Theatre Review: The Country GirlPosted on: 22 October 2010 by Mark O'haire
Marriage, acting and alcoholism may not be interlinked but these are the issues which come under the spotlight in Clifford Odets’ 1954 backstage drama The Country Girl, which is revived in an absorbing new production directed by Rufus Norris at the Apollo Theatre in Shaftesbury Avenue.
The play offers a revealing insight into the turbulent lives of a married couple whose relationship is tested to the limit when a shot at stardom exposes their deep-rooted flaws. Although entitled The Country Girl, the protagonist is in fact washed-up actor Frank Elgin, a desperate and demanding alcoholic, who is offered a comeback chance to star in the next Broadway play by hotshot director Bernie Dodd. Believing the actor’s long-suffering wife Georgie (the Country Girl of the title) is the reason for his decline, Bernie strikes up a stormy relationship with her – but in 1950s New York how far will a woman go to redeem the man she loves?
This work, which was turned into an Oscar-winning film featuring Grace Kelly in her first screen role, and is the first production on the London stage for many years, has an emotional truth that makes us fully engaged with the characters, and also provides a moving depiction of the devastation wrought by alcohol. Although the play at times feels a bit underpowered, director Rufus Norris skilfully manages to combine dramatic tension with sudden shafts of wit. When asked why the play-within-a-play doesn’t get a top film star to play the title role, the producer replies ‘you would have to look in heaven, not Hollywood, to find him!’ The play is also funny in its portrayal of the crises and tantrums that occur in many a Broadway-bound production.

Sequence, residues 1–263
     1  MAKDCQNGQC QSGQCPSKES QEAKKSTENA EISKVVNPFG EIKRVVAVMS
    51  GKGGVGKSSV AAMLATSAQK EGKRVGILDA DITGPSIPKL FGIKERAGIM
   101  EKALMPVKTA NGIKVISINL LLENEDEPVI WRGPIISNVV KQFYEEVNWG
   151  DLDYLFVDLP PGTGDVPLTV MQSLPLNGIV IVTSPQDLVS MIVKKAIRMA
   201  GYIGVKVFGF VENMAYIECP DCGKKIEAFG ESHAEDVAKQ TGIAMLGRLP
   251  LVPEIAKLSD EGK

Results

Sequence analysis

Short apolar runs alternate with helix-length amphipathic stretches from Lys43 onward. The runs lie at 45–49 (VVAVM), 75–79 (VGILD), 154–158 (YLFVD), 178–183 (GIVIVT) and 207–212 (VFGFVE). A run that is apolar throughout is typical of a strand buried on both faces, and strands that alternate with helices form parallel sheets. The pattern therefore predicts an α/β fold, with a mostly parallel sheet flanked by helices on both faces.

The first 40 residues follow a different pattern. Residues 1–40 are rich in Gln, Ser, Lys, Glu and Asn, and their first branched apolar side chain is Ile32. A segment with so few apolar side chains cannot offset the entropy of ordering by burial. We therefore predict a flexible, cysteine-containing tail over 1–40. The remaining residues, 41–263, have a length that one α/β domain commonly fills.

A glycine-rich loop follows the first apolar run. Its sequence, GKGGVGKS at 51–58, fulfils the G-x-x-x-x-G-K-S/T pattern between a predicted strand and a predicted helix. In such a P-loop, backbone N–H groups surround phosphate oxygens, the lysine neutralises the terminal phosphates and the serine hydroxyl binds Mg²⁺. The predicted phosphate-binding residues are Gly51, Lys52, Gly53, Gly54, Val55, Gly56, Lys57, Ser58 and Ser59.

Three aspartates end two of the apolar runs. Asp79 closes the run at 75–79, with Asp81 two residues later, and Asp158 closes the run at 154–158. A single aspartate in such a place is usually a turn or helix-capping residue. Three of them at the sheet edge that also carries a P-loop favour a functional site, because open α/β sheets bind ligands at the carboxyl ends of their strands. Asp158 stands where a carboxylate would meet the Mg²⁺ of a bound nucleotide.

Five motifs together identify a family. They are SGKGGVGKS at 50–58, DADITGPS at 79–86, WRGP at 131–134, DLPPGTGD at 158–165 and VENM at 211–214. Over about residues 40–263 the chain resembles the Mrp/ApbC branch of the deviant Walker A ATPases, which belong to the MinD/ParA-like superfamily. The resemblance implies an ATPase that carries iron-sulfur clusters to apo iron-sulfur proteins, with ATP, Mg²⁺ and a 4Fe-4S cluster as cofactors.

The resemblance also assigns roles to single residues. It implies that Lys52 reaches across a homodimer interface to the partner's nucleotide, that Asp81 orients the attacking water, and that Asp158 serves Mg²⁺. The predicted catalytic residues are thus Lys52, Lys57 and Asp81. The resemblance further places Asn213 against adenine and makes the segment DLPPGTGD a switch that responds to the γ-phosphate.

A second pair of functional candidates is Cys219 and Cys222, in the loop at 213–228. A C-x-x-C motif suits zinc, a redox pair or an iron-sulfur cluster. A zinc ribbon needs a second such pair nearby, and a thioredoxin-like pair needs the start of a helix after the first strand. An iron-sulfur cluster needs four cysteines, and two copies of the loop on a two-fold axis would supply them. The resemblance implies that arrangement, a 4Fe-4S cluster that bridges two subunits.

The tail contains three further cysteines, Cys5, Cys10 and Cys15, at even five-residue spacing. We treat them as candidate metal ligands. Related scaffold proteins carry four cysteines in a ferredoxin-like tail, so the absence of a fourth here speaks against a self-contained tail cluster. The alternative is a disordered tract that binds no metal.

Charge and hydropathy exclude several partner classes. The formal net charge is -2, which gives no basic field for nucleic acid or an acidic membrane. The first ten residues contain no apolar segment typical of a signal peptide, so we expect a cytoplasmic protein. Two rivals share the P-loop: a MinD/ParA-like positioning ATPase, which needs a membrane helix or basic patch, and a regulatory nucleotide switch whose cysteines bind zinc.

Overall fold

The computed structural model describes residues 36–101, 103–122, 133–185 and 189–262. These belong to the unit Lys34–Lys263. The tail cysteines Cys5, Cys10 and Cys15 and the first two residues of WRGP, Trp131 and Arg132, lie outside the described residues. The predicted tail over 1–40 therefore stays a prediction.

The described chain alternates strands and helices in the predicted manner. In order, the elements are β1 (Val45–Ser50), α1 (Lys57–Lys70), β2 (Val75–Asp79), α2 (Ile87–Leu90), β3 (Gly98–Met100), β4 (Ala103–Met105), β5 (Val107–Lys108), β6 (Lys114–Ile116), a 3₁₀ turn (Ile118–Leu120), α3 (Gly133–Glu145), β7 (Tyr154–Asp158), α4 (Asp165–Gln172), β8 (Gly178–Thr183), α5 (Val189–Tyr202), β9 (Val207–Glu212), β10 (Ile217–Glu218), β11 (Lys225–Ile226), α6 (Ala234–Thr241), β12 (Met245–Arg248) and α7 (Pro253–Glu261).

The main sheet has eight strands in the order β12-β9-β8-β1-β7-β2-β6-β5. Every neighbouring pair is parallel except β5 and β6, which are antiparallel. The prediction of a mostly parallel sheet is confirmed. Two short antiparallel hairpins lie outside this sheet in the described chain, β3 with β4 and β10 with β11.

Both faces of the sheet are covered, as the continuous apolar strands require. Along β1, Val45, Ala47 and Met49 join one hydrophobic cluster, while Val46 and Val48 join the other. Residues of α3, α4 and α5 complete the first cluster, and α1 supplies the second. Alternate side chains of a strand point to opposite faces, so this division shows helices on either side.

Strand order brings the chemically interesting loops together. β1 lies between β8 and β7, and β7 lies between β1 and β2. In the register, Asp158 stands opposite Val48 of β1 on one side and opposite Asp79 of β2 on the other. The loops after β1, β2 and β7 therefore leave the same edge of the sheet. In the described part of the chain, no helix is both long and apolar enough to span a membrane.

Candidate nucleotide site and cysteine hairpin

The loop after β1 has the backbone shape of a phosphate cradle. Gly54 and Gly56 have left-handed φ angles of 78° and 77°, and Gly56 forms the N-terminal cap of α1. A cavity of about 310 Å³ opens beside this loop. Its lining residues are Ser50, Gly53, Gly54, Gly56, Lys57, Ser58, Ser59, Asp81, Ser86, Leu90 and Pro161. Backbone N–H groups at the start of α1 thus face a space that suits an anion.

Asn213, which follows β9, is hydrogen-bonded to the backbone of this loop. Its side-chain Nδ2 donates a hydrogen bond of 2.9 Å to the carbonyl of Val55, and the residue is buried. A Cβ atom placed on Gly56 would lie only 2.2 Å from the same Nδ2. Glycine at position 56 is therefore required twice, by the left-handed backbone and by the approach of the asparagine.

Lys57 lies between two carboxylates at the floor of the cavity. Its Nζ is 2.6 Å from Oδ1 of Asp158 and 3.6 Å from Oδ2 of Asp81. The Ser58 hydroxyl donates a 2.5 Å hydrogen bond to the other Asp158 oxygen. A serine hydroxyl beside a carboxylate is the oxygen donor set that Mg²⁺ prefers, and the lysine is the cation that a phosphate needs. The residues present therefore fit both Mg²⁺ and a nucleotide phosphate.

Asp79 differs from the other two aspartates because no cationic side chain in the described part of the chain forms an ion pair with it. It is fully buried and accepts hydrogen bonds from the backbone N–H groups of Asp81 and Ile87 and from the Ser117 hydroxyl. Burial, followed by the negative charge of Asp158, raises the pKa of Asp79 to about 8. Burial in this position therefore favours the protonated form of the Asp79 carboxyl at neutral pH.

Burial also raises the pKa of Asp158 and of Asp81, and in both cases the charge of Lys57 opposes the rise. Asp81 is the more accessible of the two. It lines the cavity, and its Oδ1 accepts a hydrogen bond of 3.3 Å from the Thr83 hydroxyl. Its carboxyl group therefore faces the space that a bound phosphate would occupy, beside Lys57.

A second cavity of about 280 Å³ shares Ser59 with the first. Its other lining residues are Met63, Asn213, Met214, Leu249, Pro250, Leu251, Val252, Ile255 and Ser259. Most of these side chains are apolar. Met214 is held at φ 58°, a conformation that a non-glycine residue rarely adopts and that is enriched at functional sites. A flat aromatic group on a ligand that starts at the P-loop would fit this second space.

But it is the splendid performances by Martin Shaw (he originally played the young director Bernie 27 years ago on the stage) as the volatile, self-pitying and bombastic Frank, by turns pathetic, yet determined; Jenny Seagrove as his much put-upon wife Georgie, desperate to keep him on the straight and narrow; and Mark Letheren as Bernie Dodd, who has firm faith in Frank despite the odds against him, that really bring this play so vividly to life.
In short then a refined, mature drama that manages to be both psychologically complex and insightful and certainly provides a rewarding evening in the theatre.
By Laurence Green
Plays until February 26.
Box office: 0844 412 4658
Press: 020 8959 9980
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